The Rockies have a dilemma on their hands at second base, writes Rotographs' Mike Podhorzer, as the team enters the 2014 season with a pair of viable candidates for the position in DJ LeMahieu and Josh Rutledge .
Podhorzer believes that Rutledge's superior offensive ceiling and decent performance -- 15 home runs and 19 stolen bases -- over what amounts to a full season's worth of plate appearances makes him a worthy starter. Of course, that's ignoring what LeMahieu's glove does for the team (though, to Podhorzer's credit, he does mention that in the piece).
The Rockies need strong gloves in the infield, and with the exception of newly signed first baseman Justin Morneau, that's exactly what they'll be returning. Make no mistake about it: the presence of LeMahieu, Nolan Arenado, Troy Tulowitzki and Todd Helton were a huge reason why Colorado had three starting pitchers post ERAs under 4.00. Jhoulys Chacin, Jorge De La Rosa and Tyler Chatwood are probably already due for some regression, and removing DJLM's glove in favor of that of Rutledge will only make that blow more considerable. Proof of that can be found in comparing the duo's defensive metrics:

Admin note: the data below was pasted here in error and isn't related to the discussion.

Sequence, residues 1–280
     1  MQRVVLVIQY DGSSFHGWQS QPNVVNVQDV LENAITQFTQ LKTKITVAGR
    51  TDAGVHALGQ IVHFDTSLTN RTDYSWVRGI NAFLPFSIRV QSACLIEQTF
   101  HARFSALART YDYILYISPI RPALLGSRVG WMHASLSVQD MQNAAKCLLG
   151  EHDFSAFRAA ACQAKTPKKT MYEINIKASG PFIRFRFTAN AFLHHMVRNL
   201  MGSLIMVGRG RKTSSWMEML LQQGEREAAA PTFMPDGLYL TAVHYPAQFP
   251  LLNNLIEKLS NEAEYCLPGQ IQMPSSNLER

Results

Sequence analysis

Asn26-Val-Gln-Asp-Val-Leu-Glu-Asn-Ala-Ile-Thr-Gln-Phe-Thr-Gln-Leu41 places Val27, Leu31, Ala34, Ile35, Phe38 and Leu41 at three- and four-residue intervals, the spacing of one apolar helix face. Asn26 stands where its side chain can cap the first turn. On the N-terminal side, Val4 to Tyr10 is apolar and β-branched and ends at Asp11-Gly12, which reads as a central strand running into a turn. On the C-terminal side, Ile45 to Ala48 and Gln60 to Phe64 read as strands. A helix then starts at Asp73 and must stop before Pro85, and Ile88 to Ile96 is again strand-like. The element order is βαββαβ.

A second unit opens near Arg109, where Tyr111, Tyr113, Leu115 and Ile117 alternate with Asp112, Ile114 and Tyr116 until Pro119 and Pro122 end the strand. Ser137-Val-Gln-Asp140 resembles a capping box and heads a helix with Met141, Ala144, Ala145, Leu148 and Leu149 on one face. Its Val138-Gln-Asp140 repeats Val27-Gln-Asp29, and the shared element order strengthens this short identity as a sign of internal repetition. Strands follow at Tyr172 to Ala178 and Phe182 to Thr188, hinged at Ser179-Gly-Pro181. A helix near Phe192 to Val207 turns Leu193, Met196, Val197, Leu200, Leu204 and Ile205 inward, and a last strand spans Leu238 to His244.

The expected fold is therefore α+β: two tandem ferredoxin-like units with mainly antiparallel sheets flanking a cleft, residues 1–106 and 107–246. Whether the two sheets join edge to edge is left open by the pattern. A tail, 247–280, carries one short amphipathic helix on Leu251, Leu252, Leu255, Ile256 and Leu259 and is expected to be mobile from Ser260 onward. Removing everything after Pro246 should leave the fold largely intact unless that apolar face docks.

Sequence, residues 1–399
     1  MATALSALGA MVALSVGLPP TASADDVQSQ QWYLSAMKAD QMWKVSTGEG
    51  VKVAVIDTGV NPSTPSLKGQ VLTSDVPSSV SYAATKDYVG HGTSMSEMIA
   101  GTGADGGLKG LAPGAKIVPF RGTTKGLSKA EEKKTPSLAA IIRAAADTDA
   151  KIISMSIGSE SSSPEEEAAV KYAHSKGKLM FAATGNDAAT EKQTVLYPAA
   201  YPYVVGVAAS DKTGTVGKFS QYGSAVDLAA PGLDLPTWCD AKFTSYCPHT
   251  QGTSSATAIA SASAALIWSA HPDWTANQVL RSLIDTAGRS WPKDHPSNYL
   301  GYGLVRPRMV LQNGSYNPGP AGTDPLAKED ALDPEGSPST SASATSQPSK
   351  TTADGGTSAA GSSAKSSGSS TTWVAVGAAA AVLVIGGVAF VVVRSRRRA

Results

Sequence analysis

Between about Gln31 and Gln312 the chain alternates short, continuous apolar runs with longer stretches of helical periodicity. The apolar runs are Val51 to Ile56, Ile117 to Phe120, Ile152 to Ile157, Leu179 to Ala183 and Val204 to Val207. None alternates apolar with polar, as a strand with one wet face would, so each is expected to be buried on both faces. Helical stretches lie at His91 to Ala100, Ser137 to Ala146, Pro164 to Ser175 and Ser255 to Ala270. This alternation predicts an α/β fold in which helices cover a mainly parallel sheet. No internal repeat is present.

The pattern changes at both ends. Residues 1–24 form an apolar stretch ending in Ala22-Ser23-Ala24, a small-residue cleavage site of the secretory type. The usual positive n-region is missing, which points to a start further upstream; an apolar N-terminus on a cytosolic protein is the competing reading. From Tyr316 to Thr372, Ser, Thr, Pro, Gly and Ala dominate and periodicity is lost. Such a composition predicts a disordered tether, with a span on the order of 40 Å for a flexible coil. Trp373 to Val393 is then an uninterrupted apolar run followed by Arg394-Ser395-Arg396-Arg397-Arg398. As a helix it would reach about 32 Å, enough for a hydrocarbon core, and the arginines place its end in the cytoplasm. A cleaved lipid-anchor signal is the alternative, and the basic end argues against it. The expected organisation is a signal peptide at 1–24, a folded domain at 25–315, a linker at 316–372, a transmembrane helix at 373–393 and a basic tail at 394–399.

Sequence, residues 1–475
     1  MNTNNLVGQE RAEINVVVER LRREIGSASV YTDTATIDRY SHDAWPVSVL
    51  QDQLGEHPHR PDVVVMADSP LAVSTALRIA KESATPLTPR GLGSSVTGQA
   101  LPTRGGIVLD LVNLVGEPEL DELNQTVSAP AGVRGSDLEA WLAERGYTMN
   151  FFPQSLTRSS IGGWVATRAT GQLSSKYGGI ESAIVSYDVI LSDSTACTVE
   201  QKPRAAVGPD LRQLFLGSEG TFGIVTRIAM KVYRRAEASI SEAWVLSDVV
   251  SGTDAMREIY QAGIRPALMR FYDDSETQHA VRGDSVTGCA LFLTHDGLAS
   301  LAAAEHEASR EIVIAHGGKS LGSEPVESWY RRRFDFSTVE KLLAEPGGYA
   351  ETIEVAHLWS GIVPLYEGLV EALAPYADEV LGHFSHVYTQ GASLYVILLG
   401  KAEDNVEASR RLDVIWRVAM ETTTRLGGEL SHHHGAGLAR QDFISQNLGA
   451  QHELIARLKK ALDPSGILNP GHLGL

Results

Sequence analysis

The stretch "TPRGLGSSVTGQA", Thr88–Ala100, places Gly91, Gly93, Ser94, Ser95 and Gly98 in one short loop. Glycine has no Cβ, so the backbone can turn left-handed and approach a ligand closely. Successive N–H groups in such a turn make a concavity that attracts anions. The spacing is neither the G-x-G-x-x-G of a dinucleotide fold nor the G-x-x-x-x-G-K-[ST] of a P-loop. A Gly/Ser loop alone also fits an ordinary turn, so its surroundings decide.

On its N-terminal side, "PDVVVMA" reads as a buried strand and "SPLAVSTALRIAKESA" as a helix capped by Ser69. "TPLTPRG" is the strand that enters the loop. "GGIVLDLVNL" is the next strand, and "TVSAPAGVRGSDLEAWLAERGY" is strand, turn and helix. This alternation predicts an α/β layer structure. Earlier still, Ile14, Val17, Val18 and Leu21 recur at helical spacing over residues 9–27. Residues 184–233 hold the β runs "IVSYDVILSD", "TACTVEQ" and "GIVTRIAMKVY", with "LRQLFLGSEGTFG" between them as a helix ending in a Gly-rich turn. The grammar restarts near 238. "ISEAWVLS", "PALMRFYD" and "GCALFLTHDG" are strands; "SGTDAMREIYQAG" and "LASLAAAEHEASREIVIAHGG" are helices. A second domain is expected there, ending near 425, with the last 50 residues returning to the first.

Total fielding runs above average at 2B, career
LeMahieu has logged a lot more innings at second, sure, but his glove has been exponentially better. Rutledge is an even worse defender at shortstop, which poses a whole different problem if (when?) Tulowitzki lands on the disabled list, but that's a discussion for a different day.
Fantasy baseball and real baseball are two completely different things. Sure, Rutledge has a chance to be a pretty good hitter one day, but as far as who is a better fit to contribute to this version of the Colorado Rockies -- as well as future versions that will have potentially dominant starting pitchers who need nothing less than to have a bunch of undependable gloves behind them -- I'll take LeMahieu's glove any day of the week, even if that means dealing with a sub-.700 OPS at the plate.
All indications point to the Rockies sharing that belief.